Frugal RVing In South States - Ebooks

Sunday, December 20, 2009

Ken & Donna's Excellent Adventure

Dec 20, 2009

Well, it has finally happened - the moment we've ... well, that Ken and I were waiting for, anyway.

Today with great anticipation, and supreme weather watching (too much wind, = postponement) - we got to go up in a hot air balloon.

They had 2 choices in timing - 0 dark hundred (6:30 am) or 2:30 pm.

If you chose the morning, you meet at the pilot's house for a quick coffee, orange juice, hot chocolate, or what have you. You then do the waiver signing, and receive a briefing on processes, then load up in his vehicle and drive to the launching site.

For the afternoon outing, which we chose, you do the same thing, but hold the liquids.

On the way he told us a bit about the history of ballooning (I was 3rd row back, so missed a lot of it, but I am sure google could fill in the blank).

We then watched the process of getting the balloon ready to launch. They started by taking the caddies with the balloon and the basket out, and pulled out a huge nylon mat on which they lay the actual balloon. That is to protect it from damage on the ground while it inflates.

The basket's upper rack and burner are set up, the balloon laid out on the mat, and connected to the basket, and then a gas driven fan inflate it with cold air. When it is about half way full - enough to make the mouth wider, a second fan is added to increase the speed of filling.

When it is close to full, the pilot carefully gives a few bursts of the burner to coax the balloon into the air. The ground crew are holding lines that direct its ascent while one line remains anchored to the truck.

When the balloon lifts high enough, the crew guides the basket upright. At this point, all passengers must quickly embark so as to minimize strain on the ground crew who is now struggling to rein in the giant that is grappling to be free.

It was done with great efficiency,.... but one of the inside guidelines was tangled, so we all disembarked, the ballon was let down, and they went inside to correct the tangling.

Take 2, the balloon ride. In this scene, the balloon is inflated by fans,..... I think you recall the drill,....

... and they quickly embarked,.... giant ...., oh, right, here we are! The pilot gave a couple long bursts with the burner, and we alight into the sky.......

Editor's Note: (had it worked, a video would have been here, but instead it is viewable in my album entitled TAKE OFF!!! See link at the bottom of this post) There are a couple vid clips among the slides, so check carefully. Most are around the end, but this one is somewhere in the middle

We were airborne for about 1 - 1/4 hours and saw some awesome sites. We were as high up as 4000 feet, and as low (while not yet ready to officially descend) as about 50 feet or so - just above some house rooftops (under full control at all times).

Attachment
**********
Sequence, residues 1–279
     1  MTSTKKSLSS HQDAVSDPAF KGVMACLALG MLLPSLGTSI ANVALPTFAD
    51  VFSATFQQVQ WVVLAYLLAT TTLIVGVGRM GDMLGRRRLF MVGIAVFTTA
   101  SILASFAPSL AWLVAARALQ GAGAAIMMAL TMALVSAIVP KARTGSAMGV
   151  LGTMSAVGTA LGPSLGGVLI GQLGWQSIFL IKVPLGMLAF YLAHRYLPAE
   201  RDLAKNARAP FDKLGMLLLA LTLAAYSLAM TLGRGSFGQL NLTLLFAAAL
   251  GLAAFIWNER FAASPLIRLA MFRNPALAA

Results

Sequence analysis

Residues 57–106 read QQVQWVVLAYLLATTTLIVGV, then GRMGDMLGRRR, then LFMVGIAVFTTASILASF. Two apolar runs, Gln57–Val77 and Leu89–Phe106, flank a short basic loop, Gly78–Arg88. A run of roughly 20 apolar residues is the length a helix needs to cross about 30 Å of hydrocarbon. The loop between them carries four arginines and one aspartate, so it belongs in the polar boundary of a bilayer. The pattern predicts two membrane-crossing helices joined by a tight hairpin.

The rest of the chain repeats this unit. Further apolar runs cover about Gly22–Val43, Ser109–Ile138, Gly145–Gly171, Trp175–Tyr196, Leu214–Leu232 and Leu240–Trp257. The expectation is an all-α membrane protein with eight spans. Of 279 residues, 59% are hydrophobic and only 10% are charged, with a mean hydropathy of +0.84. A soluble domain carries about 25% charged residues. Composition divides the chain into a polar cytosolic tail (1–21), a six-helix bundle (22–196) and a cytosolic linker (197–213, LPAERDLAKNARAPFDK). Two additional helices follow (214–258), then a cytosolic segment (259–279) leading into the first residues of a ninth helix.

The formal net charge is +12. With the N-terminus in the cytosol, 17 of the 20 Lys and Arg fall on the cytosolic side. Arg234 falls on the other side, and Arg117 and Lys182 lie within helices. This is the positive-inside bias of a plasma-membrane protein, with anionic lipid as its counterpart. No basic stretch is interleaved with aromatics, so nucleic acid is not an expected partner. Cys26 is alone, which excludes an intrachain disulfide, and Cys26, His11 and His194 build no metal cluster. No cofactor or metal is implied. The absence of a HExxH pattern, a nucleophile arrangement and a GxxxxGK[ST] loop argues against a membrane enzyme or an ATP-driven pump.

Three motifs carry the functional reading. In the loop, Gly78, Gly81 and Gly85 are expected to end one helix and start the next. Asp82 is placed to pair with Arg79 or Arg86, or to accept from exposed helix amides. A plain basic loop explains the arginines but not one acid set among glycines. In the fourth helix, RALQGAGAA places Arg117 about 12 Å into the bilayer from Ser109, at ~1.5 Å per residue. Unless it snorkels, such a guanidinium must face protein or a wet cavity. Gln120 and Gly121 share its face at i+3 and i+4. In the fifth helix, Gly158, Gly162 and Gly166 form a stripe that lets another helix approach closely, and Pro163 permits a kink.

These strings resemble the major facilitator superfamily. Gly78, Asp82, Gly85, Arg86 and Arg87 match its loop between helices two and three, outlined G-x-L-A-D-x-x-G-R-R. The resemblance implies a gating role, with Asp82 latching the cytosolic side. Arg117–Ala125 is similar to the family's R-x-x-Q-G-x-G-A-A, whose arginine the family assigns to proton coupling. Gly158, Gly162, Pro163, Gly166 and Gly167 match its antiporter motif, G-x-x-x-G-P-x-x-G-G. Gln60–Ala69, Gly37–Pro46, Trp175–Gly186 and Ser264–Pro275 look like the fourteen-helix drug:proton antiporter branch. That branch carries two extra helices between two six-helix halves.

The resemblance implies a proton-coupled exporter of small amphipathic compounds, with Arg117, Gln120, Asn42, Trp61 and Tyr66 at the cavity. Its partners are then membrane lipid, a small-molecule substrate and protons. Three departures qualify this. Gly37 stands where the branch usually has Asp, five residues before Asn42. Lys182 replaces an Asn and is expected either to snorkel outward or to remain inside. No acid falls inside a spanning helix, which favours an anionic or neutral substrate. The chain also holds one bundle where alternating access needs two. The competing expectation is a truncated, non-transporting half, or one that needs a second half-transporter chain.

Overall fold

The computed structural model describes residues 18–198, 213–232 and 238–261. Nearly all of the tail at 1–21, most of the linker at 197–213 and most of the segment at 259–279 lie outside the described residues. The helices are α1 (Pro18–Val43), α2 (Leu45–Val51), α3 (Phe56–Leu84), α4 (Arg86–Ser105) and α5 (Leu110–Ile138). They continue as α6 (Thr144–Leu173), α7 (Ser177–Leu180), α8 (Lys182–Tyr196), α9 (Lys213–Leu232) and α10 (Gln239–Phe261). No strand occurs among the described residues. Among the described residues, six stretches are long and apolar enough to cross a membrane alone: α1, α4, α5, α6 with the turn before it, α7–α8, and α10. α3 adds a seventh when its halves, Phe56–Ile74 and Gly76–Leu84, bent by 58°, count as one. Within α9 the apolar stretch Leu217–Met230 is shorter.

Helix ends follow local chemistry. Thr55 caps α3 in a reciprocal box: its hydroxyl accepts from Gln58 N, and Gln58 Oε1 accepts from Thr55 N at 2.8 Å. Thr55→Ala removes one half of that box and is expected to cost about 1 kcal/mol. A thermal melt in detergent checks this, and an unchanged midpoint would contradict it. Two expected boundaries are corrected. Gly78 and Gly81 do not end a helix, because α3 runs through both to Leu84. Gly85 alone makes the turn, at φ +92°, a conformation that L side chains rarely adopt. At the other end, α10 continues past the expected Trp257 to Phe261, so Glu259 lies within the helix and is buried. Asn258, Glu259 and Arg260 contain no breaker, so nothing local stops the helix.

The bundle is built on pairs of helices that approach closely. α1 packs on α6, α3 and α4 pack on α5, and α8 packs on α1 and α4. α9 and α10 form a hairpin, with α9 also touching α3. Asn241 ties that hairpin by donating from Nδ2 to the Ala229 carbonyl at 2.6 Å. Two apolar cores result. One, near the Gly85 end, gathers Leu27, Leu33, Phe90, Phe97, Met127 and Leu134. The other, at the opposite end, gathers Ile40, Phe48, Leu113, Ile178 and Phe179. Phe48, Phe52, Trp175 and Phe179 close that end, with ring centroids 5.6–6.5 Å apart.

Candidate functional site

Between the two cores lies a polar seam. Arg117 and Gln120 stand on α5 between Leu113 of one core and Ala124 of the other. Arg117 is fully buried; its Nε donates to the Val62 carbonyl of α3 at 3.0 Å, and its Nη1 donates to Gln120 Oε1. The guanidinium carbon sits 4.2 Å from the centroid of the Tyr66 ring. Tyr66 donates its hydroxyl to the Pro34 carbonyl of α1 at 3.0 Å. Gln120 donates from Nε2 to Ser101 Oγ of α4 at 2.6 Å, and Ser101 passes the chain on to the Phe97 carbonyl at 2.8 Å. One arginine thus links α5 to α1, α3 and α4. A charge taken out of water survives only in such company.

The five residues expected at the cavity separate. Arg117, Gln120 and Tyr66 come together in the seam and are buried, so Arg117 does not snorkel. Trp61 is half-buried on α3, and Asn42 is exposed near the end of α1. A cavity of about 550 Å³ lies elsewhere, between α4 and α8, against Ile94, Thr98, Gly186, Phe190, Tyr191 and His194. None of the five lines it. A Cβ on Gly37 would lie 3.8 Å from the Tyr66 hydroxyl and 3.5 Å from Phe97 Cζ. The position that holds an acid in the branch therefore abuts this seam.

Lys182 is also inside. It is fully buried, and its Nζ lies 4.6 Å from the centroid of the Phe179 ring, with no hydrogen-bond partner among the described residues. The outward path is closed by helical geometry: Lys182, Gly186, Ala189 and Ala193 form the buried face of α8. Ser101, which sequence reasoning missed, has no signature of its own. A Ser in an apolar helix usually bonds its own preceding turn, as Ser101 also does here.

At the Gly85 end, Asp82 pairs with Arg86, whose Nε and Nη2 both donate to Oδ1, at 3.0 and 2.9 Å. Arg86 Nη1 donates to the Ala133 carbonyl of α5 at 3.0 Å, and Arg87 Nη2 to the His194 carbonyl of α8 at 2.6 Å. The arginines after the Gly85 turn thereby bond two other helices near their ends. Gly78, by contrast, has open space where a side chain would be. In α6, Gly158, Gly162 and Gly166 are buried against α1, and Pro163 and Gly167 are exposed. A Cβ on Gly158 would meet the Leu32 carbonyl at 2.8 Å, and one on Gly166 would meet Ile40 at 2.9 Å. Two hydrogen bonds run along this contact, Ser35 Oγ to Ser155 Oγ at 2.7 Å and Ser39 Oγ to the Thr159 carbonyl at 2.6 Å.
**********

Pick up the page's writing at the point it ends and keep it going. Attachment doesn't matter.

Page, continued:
We landed in a field that was between crops at the time, bounced a couple times, dragged a few feet, then fully landed.

The chaser crew went quickly about their business, the balloon's top centre was released to quickly disperse the contained air, and we held ground in the basket until the balloon was fully deflated.

We then were driven back to the pilot's house, each holding a complementary cold unleaded beverage (with another history of the balloon traditions which we were not to take part in...) and were to have a champaign toast, and wonderful lasagna dinner (or breakfast if you chose the early run) and were given a certificate to commemorate the journey.

(We skipped the dinner because we were rushing back to the ridge for the Christmas parade of lights ..... which we missed ... only to find that there will actually be nightly parades until Christmas eve .... D'oh!!)

Editor's Note: The parade of lights is every other night as the Senator's Wash region is so large that they run the ridges in alternating shifts - much to the chagrin of our guests who came out to see them the following night, but I digress...)

Anyway, here are some shots, and a link to my web album for the rest of the story.

Here is the link to more pictures in my web album.

(I had to study a previous link for an album to guide me in dropping the link into the HTML editor, but hey, I'm learning - since I still haven't gotten feedback on why the button for linking is failing, but I digress...)

Okay, that took for ever to upload the video, and I actually finished the following post so now I will bid you


Posted by Picasa


  1. From Rae by email:
    Ballooning: incredible! That video is making me a little queasy, though. :)

    The queasy would be from my hand rather than the flight. The lift off was gentle and smooth, actually, and not dizzying at all.

  2. Wow, hate to say it but me afraid of hieghts, don't think I could do that.

  3. Coal: The pilot is acrophobic too. (and I am prone to it too. I hyperventilate, but with encouragement, usually push through. In this case, there was no racing heart and the like) The pilot won't even do ladders or rooftops for maintenance, but the brain is not equipped to judge this type of distance, so it doesn't perceive the height.

    Because you are drifting with the air currents, you really don't feel the movement, or the rising and dropping.

    If you have occasion to challenge the fear, I recommend you get in the basket and discover how little fear you feel. :-)